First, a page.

Genetic Ancestry and Natural Selection Drive Population Differences in Immune Responses to Pathogens.

Journal Article

Individuals from different populations vary considerably in their susceptibility to immune-related diseases. To understand how genetic variation and natural selection contribute to these differences, we tested for the effects of African versus European ancestry on the transcriptional response of primary macrophages to live bacterial pathogens. A total of 9.3% of macrophage-expressed genes show ancestry-associated differences in the gene regulatory response to infection, and African ancestry specifically predicts a stronger inflammatory response and reduced intracellular bacterial growth. A large proportion of these differences are under genetic control: for 804 genes, more than 75% of ancestry effects on the immune response can be explained by a single cis- or trans-acting expression quantitative trait locus (eQTL). Finally, we show that genetic effects on the immune response are strongly enriched for recent, population-specific signatures of adaptation. Together, our results demonstrate how historical selective events continue to shape human phenotypic diversity today, including for traits that are key to controlling infection.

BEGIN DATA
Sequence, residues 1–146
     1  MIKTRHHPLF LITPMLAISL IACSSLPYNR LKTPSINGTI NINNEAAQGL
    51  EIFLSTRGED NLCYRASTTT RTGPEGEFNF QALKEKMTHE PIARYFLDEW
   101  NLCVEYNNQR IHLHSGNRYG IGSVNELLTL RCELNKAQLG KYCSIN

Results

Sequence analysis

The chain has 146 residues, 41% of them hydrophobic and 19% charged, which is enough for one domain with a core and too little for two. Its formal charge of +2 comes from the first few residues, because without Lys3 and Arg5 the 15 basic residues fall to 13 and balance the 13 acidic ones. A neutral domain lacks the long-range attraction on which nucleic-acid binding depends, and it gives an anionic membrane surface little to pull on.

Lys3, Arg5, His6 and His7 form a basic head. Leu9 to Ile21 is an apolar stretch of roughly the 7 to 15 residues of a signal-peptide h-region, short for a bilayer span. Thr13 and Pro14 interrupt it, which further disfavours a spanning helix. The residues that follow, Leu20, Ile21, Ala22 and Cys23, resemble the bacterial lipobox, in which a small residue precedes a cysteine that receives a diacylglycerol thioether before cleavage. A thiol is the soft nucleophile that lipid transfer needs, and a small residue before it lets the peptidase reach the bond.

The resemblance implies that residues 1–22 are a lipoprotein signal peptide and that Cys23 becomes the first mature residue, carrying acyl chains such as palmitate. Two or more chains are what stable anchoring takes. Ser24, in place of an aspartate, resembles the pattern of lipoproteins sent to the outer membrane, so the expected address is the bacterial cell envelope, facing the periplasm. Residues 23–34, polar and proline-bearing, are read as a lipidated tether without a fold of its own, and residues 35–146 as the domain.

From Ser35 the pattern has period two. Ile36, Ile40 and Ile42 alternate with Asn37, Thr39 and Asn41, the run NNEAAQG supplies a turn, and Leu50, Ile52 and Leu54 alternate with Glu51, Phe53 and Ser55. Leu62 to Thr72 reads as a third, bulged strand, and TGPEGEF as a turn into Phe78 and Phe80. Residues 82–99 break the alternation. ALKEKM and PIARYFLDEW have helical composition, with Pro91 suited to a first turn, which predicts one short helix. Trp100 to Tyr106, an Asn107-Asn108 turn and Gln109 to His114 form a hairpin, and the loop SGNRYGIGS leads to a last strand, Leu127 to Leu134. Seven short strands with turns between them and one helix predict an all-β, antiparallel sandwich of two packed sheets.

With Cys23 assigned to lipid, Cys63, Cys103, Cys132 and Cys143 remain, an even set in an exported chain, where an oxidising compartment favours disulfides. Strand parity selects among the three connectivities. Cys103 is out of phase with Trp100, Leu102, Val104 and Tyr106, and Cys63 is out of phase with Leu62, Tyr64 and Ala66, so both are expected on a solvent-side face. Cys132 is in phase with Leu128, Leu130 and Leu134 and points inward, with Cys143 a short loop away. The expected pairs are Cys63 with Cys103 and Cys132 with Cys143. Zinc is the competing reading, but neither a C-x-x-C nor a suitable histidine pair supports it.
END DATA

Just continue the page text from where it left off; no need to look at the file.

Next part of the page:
Full Text

Duke Authors

Cited Authors

  • Nédélec, Y; Sanz, J; Baharian, G; Szpiech, ZA; Pacis, A; Dumaine, A; Grenier, J-C; Freiman, A; Sams, AJ; Hebert, S; Pagé Sabourin, A; Luca, F; Blekhman, R; Hernandez, RD; Pique-Regi, R; Tung, J; Yotova, V; Barreiro, LB

Published Date

  • October 2016

Published In

Volume / Issue

  • 167 / 3

Start / End Page

  • 657 - 669.e21

PubMed ID

  • 27768889

Electronic International Standard Serial Number (EISSN)

  • 1097-4172

International Standard Serial Number (ISSN)

  • 0092-8674

Digital Object Identifier (DOI)

  • 10.1016/j.cell.2016.09.025

Language

  • eng